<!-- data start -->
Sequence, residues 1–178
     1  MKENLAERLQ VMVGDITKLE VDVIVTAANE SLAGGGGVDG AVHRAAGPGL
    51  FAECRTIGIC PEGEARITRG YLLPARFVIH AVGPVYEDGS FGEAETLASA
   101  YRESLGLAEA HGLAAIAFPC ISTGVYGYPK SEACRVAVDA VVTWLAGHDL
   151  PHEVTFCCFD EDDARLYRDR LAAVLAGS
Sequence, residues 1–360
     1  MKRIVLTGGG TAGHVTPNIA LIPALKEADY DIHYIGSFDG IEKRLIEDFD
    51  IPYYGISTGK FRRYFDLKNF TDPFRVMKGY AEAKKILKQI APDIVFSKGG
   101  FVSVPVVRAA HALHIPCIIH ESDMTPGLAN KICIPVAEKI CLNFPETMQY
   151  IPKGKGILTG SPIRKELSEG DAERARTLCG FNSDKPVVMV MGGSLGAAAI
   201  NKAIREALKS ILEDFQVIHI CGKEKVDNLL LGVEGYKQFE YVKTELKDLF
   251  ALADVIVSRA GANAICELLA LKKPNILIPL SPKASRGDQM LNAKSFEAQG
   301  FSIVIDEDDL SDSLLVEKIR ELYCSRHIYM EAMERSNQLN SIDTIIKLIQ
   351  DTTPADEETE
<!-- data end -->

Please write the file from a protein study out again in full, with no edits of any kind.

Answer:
Sequence, residues 1–178
     1  MKENLAERLQ VMVGDITKLE VDVIVTAANE SLAGGGGVDG AVHRAAGPGL
    51  FAECRTIGIC PEGEARITRG YLLPARFVIH AVGPVYEDGS FGEAETLASA
   101  YRESLGLAEA HGLAAIAFPC ISTGVYGYPK SEACRVAVDA VVTWLAGHDL
   151  PHEVTFCCFD EDDARLYRDR LAAVLAGS
Sequence, residues 1–360
     1  MKRIVLTGGG TAGHVTPNIA LIPALKEADY DIHYIGSFDG IEKRLIEDFD
    51  IPYYGISTGK FRRYFDLKNF TDPFRVMKGY AEAKKILKQI APDIVFSKGG
   101  FVSVPVVRAA HALHIPCIIH ESDMTPGLAN KICIPVAEKI CLNFPETMQY
   151  IPKGKGILTG SPIRKELSEG DAERARTLCG FNSDKPVVMV MGGSLGAAAI
   201  NKAIREALKS ILEDFQVIHI CGKEKVDNLL LGVEGYKQFE YVKTELKDLF
   251  ALADVIVSRA GANAICELLA LKKPNILIPL SPKASRGDQM LNAKSFEAQG
   301  FSIVIDEDDL SDSLLVEKIR ELYCSRHIYM EAMERSNQLN SIDTIIKLIQ
   351  DTTPADEETE